The Latest: Dutch PM tells Turkey minister: ‘Don’t show up!’
BERLIN (AP) — The Latest on the growing tensions between Germany and Turkey (all times local):
Dutch Prime Minister Mark Rutte says that apart from arresting a Turkish minister on arrival in the Netherlands, his government is giving the strongest possible hints to Ankara to not send its representatives to address any rallies on the upcoming Turkish referendum.
Rutte says any planned weekend visit by Turkish Foreign Minister Mevlut Cavusoglu could only stir trouble between the two NATO allies.
While attending a European Union summit on Thursday, Rutte said: “This is the most serious thing we can do. You tell the foreign affairs minister of a NATO ally, ‘We know you will come to the Netherlands: Don’t show up!’”
Rutte added that local authorities would be unlikely to authorize any rally Cavusoglu would attend.
“And if you still decide to come, you won’t have a chauffeur driven car, no escort, no support,” he said.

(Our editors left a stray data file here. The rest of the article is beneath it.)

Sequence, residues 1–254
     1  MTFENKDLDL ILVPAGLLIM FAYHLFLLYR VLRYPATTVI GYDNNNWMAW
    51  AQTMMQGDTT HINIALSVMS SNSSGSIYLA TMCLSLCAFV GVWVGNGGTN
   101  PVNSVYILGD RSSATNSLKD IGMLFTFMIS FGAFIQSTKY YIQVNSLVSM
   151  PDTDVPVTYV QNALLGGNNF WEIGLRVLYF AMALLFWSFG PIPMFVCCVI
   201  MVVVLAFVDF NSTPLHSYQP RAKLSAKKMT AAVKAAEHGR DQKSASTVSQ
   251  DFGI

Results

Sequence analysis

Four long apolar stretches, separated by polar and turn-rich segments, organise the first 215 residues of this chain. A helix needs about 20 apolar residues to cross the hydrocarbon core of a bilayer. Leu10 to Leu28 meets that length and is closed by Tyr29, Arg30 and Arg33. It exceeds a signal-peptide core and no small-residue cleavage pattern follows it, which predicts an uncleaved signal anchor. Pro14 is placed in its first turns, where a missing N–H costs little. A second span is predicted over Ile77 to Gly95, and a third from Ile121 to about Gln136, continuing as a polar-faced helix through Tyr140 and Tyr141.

Rutte says that while “there are people who will say, ‘you have to arrest him at Schiphol,’ but we will stop just short of that.”
Dutch Foreign Affairs Minister Bert Koenders the government considers a planned weekend visit by Turkish Foreign Minister Mevlut Cavusoglu to be “undesirable,” and says the government will not extend any assistance if he goes ahead with plans for a Saturday visit.
Rotterdam’s mayor said a day earlier that he would likely ban a rally by Cavusoglu on public order grounds, due to tensions in the city’s Turkish community.
Koenders says the government “is responsible for public order and security of Dutch citizens, nobody else. That is why the Netherlands doesn’t want this to happen.”
The Swiss foreign ministry says a planned visit by Turkey’s foreign minister to Switzerland “does not currently pose a particularly high security threat” after a key regional authority expressed concerns.
The ministry said Thursday that nothing merits a ban of the visit of Foreign Minister Mevlut Cavusoglu to Zurich, Switzerland’s largest city, on Sunday.